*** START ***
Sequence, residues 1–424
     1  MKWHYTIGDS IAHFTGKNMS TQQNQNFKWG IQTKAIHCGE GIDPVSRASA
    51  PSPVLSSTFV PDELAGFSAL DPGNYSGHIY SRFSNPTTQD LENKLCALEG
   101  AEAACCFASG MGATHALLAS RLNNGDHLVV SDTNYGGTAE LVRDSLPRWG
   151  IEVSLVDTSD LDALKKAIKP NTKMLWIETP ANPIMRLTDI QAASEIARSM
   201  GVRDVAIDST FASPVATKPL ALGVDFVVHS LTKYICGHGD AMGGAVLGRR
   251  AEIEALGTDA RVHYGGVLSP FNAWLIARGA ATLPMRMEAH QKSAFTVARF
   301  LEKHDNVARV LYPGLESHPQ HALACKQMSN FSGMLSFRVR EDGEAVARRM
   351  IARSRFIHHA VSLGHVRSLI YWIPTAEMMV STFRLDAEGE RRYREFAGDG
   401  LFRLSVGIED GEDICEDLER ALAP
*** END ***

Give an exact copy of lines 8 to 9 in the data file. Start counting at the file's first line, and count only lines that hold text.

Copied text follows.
   301  LEKHDNVARV LYPGLESHPQ HALACKQMSN FSGMLSFRVR EDGEAVARRM
   351  IARSRFIHHA VSLGHVRSLI YWIPTAEMMV STFRLDAEGE RRYREFAGDG